I got my bike tuned up this Wednesday and it is nice. The gears were all degreased, the brakes aligned, the tires trued, and my computer fixed. So this Saturday it was a joy to ride.
Went off and did crazy 95 mile bike ride, here's the route (kinda) via Google Maps.
We started at the Sports Basement in the Presidio, over the Golden Gate Bridge, down into Sausalito, up Camino Alto into Fairfax. We went up White Hill? and then up some other hill into Nicasio Square. At that point it was 28 miles.
I went with Kamal to do a 30 mile loop which started with this one hill, up and over till we got to Marshall Wall. Now Marshall Wall is a bitch of a hill and there's even chalk marks of "Go Tyler" for Tyler Hamilton on the road. It's just long and steep but with very beautiful views at the top.
So down the other side of Marshall Wall, passed by Hog Island Oyster company, over to Point Reyes Station and then back to Nicasio and back to San Francisco. 95 miles is a long way to go and wasn't really up for it but I felt pretty good. I guess there was about 8,000 feet of climbing involved too, possibly more. Kamal says 10,000 but that doesn't really matter to me.
I have 2 1/2 hour run tomorrow and then recovery week in Cancun, Mexico! Haven't been able to train much during the week because of work but it sure is nice to be able to know I have a good enough base to take on a 95 mile bike ride on a whim.
Seeing the dedication of the Mozilla community (which you and I are a part) with the Firefox 1.0.3 and Mozilla 1.7.7 release, first hand is just amazing. It's not new as we've been doing this for quite some time, but it's always, always awesome to see.
People's Friday evening plans are rescheduled, weekend plans, working with folks (as is usual) from all over the world whether it's Germany, Japan, too many countries to list.
The press won't see this dedication or maybe they will. Maybe they'll see all the different people involved from top companies and top community members working on the issues. Maybe they'll see the feedback loop and the high quality standards we've set for our products. Maybe they'll see that when we say we are passionate about security, we mean it. Maybe they'll see the fast response time and think of some of the personal sacrifices.
Going forward, Firefox's update mechanism will be the primary mechanism for notifying users of updates versus also using a full on media blitz to get the word out that an update is available. Press releases for security updates seem to cause confusion so we've been going with a security Q&A that we give to reporters that has some better clarification.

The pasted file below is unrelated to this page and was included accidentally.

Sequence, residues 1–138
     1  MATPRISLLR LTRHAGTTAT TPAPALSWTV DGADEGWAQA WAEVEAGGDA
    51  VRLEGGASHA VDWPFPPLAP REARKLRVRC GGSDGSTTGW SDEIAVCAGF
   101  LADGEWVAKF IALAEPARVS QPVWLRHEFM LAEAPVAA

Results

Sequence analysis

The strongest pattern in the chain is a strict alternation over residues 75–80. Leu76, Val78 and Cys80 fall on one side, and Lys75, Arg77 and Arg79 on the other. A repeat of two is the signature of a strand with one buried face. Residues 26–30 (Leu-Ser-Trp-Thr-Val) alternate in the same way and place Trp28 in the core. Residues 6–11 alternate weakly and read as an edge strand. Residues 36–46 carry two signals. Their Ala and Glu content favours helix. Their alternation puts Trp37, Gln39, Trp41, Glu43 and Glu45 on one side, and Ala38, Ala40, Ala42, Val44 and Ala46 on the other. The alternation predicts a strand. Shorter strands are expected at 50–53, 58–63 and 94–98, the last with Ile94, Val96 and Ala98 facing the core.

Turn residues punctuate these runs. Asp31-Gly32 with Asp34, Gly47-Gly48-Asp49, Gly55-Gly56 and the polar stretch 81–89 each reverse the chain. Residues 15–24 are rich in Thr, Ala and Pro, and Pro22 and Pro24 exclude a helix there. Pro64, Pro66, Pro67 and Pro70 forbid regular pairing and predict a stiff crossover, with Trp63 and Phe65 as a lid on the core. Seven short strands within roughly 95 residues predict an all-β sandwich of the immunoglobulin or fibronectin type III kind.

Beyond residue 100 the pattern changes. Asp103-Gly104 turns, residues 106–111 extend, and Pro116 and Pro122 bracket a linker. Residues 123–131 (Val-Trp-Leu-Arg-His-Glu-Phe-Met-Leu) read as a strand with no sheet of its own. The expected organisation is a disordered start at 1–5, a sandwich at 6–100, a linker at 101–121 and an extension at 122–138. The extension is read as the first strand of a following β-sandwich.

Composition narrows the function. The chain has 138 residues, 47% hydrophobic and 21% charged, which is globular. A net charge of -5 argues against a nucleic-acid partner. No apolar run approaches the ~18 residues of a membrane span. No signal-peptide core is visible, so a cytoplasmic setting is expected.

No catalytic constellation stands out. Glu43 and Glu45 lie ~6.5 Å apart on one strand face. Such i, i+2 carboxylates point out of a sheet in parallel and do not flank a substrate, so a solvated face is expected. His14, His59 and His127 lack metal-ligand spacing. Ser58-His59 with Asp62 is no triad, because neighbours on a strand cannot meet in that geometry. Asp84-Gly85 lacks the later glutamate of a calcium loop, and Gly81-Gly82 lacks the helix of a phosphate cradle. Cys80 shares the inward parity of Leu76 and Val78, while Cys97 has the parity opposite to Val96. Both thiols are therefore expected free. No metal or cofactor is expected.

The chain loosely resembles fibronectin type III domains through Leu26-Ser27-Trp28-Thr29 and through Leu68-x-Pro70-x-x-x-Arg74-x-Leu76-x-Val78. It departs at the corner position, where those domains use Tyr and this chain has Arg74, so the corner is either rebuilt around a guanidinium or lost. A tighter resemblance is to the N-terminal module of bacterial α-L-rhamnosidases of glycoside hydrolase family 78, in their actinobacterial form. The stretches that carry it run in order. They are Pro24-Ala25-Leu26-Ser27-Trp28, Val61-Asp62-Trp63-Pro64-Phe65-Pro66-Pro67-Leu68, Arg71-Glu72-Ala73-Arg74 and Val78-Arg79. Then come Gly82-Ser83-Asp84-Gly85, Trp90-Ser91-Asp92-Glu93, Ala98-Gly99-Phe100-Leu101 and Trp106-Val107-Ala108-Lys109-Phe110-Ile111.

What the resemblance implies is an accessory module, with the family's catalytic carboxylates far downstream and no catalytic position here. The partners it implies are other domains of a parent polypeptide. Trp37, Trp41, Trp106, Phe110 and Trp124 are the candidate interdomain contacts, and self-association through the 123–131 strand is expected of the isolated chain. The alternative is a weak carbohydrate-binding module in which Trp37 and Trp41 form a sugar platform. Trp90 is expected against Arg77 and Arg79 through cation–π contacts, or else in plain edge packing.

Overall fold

Should "open source" be a consumer product attribute? It would apply to Firefox, Thunderbird, Linux desktop, other software on the Linux desktop like Evolution.
What would "open source" imply? How about:
– quality/stability (tested by hundred of thousands of people)
– secure (still dependent on management of security issues)
– innovative (collective brain-power tackling new concepts)
– community based AND commercial support options
I feel like "open source" already means all of the above so let's get it to stick!
What should "open source" not imply? How about:
– free (as in the software is free, lots of confusion here)
– anti-business or capitalism
– IP nightmare
– "volunteers" (people who are unpaid), this essentially becomes unreliable, unsustainable
Well, given that quick little exercise it sounds like "open source" is something we do want to use as an attribute. Other companies like Yahoo and Google and such who do use open source products/solutions on the server-side should do it too. Just about everyone uses bugzilla and lots of companies are on the LAMP server-stack. That screams we're spending money on the right things.
Also, speaking more about the testing community and that process, will hopefully establish "open source" as the more reliable solution.
Well my foot feels like it's back. If you bike for four hours one day and run for 2 hours the next day, then one can assume your foot's healthy. I had stubbed my toe in the pool plus ran in some new shoes a little too long. That screwed me up for a bit and I haven't been running.
Anyhow, last Saturday's bike ride was pretty brutal. Up Claremont ave, a 40-45 minute climb, over to 3 Bears (1.5 hours), up Wildcat Canyon (25 minute climb), and up the nasty South Park Drive (20 minute climb). My 2 hour run on Sunday wasn't all that except that I almost wimped out in doing it at all. Ironman Canada is five months away (in August) so still plenty of time.